Users under the age of 25 are more likely to access FT content through the mobile app, showing support for the strategy of developing new product channels that appeal to different demographics, says Scott.

As new channels grow, they must be supported, and Scott has identified that more and more calls about FT products are along the lines of, “How do I do that on my iPad?”

“The future means that people who are customer service agents are increasingly going to have to be technically minded and understand how to use devices with different operating systems, although it will be impossible to know everything about everything as devices proliferate,” she says.

Scott believes the future focus will be on building self-help communities, so it is possible to find out pain points and help work things out. “Our experience from other channels, for example when we launched the first digital product, was that users would get in contact to say it was not working when really it was a problem with their internet connection. We always try and provide self-help guides that are searchable so you can find what you need,” she says.

She also foresees devices becoming even more varied, and the need to understand what customers are using to engage with the FT. “With external agencies and different systems, we didn’t have a good view of data. Now we can focus on being more proactive,” says Scott.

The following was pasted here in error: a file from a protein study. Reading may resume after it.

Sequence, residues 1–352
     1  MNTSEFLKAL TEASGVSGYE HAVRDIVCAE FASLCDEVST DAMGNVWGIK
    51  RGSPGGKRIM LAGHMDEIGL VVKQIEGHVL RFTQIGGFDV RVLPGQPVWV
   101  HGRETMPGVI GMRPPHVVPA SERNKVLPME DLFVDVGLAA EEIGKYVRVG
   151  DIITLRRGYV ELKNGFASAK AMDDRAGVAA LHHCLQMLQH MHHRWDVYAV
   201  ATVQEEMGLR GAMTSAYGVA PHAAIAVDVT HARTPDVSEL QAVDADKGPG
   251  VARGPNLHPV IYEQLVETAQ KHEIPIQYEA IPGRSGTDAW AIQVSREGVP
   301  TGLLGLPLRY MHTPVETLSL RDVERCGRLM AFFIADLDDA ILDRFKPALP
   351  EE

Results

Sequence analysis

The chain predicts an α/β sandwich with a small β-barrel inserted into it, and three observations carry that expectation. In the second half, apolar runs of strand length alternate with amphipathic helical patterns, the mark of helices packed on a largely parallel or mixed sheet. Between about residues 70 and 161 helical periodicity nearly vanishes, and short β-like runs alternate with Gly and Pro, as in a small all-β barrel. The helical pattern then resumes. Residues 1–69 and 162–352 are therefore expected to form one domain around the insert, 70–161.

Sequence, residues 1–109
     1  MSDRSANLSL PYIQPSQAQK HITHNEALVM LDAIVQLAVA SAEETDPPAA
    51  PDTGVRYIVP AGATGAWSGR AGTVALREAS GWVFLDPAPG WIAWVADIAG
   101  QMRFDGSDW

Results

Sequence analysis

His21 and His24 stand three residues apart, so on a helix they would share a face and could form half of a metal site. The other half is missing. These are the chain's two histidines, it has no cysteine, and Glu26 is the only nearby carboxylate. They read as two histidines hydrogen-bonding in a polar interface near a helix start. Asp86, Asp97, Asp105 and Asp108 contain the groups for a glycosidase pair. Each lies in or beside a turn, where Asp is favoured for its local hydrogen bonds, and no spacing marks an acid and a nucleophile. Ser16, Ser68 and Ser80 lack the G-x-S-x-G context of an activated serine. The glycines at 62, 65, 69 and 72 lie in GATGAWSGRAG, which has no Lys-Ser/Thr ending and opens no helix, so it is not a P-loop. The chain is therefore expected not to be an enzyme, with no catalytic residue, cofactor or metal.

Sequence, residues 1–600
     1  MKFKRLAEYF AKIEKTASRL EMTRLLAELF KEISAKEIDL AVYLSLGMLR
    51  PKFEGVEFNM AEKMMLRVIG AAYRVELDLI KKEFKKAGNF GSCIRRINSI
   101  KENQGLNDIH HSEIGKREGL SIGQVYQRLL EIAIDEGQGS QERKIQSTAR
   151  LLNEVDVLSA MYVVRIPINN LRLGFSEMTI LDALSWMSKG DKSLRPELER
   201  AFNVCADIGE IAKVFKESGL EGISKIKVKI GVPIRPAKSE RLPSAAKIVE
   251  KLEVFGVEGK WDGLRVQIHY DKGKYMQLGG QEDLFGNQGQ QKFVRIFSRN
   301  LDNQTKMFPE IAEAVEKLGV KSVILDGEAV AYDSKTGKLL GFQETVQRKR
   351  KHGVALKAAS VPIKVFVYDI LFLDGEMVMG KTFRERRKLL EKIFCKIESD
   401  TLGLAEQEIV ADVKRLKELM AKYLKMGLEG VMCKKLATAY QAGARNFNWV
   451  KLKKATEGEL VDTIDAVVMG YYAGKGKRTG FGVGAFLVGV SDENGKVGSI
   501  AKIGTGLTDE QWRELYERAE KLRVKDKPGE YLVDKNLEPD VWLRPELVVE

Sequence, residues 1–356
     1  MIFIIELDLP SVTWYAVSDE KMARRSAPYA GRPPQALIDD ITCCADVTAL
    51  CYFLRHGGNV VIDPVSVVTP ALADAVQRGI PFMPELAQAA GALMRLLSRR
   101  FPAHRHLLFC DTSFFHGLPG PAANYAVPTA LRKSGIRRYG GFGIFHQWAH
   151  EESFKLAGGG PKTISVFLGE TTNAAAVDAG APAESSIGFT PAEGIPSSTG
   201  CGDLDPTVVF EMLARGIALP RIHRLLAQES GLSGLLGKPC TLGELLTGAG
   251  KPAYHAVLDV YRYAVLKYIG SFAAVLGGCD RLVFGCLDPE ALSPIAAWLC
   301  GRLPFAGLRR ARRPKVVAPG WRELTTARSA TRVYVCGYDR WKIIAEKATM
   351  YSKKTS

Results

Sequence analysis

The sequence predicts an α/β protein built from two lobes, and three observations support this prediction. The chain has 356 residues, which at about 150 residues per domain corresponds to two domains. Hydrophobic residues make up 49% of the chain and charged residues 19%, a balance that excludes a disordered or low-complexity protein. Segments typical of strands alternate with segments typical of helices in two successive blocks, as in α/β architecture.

Customer-focused technologies

Choice is key to success and customer-focused technologies will help businesses stay in tune with their customers, says Chris Chamberlain, head of marketing for digital marketing specialist HTK Horizon.

“Vital to all this will be the ability to maintain a single customer view across all trans­actions and touchpoints, bringing together and exploiting data that historically has been in separate systems like billing and CRM. Without a single view of each customer, engaging in a personalised, relevant conversation with them is simply not possible,” he says.

Complexity can only increase and make the job more exacting, because more channels will be added to the mix in the run-up to 2020. But Jay Patel, chief executive officer (CEO) of mobile specialist IMImobile, says whatever new technologies develop and however disruptive they are, old technologies will not disappear.

“Just because there is on-demand streaming, the radio hasn’t gone. History shows that every new bit of technology doesn’t totally replace what went before so it will just make the job of engaging with customers even more complex,” he says.

Organisations will have to run many varieties of engagement, but will not be able to shut down older forms. “The call centre will not become redundant, and it will still be good to have a physical presence, but the variety of channels means a silo approach will not work. It will be even more vital to have a single customer view,” says Patel.

Scott’s experience at the FT demonstrates that new channels do not replace older ones.